“Splitting” at Work: How High-Conflict People Divide Organizations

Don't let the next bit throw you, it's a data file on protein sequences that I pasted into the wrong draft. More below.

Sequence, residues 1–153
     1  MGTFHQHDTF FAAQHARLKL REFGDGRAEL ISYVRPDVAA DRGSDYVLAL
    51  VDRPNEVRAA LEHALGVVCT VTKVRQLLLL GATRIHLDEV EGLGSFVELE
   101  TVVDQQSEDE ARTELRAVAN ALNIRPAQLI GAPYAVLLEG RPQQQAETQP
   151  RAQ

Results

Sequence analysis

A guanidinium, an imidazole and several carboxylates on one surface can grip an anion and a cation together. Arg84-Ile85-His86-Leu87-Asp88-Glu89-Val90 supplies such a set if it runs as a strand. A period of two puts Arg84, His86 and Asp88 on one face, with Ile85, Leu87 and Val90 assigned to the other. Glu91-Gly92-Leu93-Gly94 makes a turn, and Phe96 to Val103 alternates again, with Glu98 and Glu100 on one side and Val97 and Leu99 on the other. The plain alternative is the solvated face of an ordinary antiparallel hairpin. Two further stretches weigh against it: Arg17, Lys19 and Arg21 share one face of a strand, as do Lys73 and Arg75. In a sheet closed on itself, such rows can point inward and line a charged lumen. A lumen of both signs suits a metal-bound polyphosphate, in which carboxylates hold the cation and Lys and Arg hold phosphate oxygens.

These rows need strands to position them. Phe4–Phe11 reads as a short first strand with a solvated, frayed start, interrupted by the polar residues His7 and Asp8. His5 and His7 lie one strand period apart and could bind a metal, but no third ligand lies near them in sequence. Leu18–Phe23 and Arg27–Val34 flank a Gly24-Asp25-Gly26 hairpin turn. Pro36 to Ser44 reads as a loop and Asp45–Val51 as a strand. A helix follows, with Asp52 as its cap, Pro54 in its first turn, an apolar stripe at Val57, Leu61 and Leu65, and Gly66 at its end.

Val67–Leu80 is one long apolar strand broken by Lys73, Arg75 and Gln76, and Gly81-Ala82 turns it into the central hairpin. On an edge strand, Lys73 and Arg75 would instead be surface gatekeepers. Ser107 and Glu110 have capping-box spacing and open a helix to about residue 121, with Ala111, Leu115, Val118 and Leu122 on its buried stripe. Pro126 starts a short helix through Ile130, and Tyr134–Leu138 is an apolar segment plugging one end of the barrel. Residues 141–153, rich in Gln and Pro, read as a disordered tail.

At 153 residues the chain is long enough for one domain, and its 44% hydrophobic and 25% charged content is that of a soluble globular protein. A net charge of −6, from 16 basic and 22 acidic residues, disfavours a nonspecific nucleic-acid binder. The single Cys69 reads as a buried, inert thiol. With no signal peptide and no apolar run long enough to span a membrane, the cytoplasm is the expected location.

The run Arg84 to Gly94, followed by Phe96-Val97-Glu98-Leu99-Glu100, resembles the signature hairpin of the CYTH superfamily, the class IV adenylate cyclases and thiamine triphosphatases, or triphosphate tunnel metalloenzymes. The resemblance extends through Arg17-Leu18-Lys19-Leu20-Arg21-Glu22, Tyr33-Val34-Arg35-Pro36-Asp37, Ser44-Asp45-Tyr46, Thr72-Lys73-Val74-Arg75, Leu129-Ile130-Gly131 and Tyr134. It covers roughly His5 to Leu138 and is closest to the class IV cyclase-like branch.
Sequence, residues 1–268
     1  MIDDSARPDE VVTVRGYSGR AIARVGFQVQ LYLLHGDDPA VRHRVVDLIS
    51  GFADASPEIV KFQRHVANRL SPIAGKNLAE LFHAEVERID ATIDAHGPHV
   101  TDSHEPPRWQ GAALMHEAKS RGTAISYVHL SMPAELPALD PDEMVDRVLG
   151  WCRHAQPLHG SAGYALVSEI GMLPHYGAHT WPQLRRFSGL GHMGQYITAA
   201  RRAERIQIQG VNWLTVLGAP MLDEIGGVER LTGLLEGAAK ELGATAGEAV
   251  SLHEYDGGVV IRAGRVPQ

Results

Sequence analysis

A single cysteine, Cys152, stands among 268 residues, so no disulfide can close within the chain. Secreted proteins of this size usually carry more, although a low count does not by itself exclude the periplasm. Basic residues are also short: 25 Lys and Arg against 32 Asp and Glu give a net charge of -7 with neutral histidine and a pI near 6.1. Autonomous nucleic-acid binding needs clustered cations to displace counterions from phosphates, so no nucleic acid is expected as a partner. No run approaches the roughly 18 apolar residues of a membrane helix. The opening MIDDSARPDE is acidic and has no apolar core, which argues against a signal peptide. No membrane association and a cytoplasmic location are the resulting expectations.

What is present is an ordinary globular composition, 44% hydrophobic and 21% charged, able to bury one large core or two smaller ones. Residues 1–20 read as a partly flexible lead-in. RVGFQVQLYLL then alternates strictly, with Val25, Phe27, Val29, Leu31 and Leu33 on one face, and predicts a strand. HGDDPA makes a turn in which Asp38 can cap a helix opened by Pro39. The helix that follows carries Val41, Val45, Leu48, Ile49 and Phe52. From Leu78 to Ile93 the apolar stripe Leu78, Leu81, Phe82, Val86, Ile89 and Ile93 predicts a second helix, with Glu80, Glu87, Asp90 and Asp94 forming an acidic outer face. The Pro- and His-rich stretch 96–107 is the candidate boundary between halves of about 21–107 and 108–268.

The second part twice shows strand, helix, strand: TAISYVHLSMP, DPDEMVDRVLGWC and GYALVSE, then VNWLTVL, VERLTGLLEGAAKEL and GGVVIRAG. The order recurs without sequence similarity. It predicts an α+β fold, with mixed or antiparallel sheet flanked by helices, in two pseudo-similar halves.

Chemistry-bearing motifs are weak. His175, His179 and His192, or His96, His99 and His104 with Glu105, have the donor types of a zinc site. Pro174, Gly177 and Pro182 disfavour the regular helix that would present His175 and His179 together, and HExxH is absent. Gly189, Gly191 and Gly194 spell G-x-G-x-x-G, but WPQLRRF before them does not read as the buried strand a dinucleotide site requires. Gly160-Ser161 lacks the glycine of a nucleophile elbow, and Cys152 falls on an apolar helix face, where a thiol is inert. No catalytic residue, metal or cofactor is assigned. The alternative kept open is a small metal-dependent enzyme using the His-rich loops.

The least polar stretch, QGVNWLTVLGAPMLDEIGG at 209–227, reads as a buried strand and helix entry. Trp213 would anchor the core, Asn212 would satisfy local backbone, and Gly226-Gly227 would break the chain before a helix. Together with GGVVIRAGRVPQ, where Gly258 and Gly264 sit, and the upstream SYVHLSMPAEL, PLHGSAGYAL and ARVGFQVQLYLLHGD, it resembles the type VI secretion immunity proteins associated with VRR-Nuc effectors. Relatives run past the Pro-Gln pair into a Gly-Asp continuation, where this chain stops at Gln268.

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© 2012 by Bill Eddy, LCSW, Esq. The concept of “splitting” has been studied for decades by mental health professionals who treat personality disorders – especially borderline and narcissistic personality disorders (BPD and NPD). Splitting is the tendency of those with these disorders to view others as all-good or all-bad. It’s an intensely emotional and defensive dynamic – and it can become highly contagious in the workplace, whether the person is a customer, employee, supervisor or even business owner. People who engage in this splitting dynamic don’t even realize it and often become “high-conflict” people because they increase conflicts around themselves instead of resolving them. Splitting at Work For example, suppose a new employee (let’s call her Brianna) instantly likes another co-worker (let’s call her Gabby). Brianna views Gabby as “all-good” and, after a couple brief discussions, Brianna realizes they both love movies and asks Gabby to get together for a movie on the weekend. This is Brianna’s first week on the job. She’s happy that a co-worker likes her and immediately starts planning get-togethers. After the movie, Brianna wants to increase their contact. They have dinners together and she tells Gabby her life story, including her terrible marriage that broke up, how she hated her mother, and how she really doesn’t like their boss. She shares thoughts and feelings that catch Gabby by surprise. Soon, Gabby feels that things are getting too intense and too close. She tells Brianna that she wants to slow down their friendship and stop seeing movies and having dinners together. They can still be friends at work, Gabby says, but she tells Brianna that she’s “too intense” and that “getting some space” will do them both some good. (Gabby realizes she should have trusted her gut feeling that Brianna was coming on too strong (as high-conflict people tend to do) and avoided becoming so involved with her in the first place. It’s easier to gradually grow a work friendship than it is to slow one down.) Now Brianna flips: she suddenly views Gabby as “all-bad.” She takes this “rejection” by Gabby very personally and feels deeply abandoned by Gabby. She feels a rage against her and starts bad-mouthing Gabby and sending nasty emails about her to other employees. Some employees start backing off from Gabby, thinking that she may be really as rude and nasty as Brianna says. Some of them tell Brianna that they are sorry that she was treated so badly by Gabby – that they always had a sense that Gabby could be a little stand-off-ish, but didn’t realize how insensitive she could be. But other employees start backing off from Brianna, thinking that they could be next to receive her vindictive comments. They privately tell Gabby that they feel bad that she got caught off-guard by this new employee and that they are steering clear of Brianna. The office becomes split. Some employees question the competence or intentions of other employees. Tensions rise, yet no one clearly understands what has happened. The “Splitting” Dynamic Splitting has a predictable and destructive dynamic in any work group: It’s personal: it’s about personal competence, intelligence, ethics, morality, etc. It’s hostile: it’s not just a difference of opinion – it’s highly defensive and blaming. It’s extreme: co-workers take extreme opposite, all-or-nothing positions about each other and especially about the “high-conflict” person. It’s contagious. There may be one or more “high-conflict” people engaging in this intense splitting process, but then others join in and start to look like “high-conflict” people as well – even though they are usually reasonable people. From the outside, it’s hard to understand who is driving the problem, since several people have become “emotionally hooked.” It involves projection. It often involves “projection” onto the others: each “side” starts to accuse others as being divisive and inappropriate in the ways that they are actually being divisive and inappropriate themselves. In our example above, the employees and possibly management have emotionally absorbed Brianna’s all-good and all-bad views of them. She sees some as “all-good” and only sees their positive qualities. She emotionally connects with them and views them as “allies” in the workplace, not just as co-workers. This is because she sees others as “all bad” with no positive qualities whatsoever and believes she needs help defending herself from them. This defensiveness and recruitment of others is a characteristic of personality disorders, especially borderline and narcissistic personality disorders. Brianna sincerely and intensely believes in her all-or-nothing views of others (all-good or all-bad), especially as her self-generated stress in the workplace increases and as she feels more and more defensive around those who don’t seem to like her – which then becomes more and more true, even if it wasn’t true early on. Typical of personality disorders is the tendency to create the very circumstances that the person is trying hard to avoid. For those with BPD, they are often driven by a fear of abandonment but unfortunately behave in clinging and then angry ways (in efforts to hold onto close relationships) that actually alienate those around them – who slowly start avoiding and emotionally – if not physically – abandoning them. For those with NPD, they tend to be driven by a fear of being inferior or helpless, so they behave with an air of superiority and disdain for others, which tends to offend some co-workers, but their efforts to find allies often divide the offended co-workers and the ones who excuse or justify the narcissist’s behavior. In this process of splitting, co-workers are “emotionally hooked” but uninformed. Some of them have a gut feeling that the “high-conflict” person (usually with BPD or NPD) is a problem and feel angry and resentful of that person’s manipulative behavior in the organization. Others see that person as a victim of the others and they may heatedly defend that person. Thus, co-workers begin to reinforce each other’s negative views of the other co-workers, and the whole department or organization splits into two “teams” against each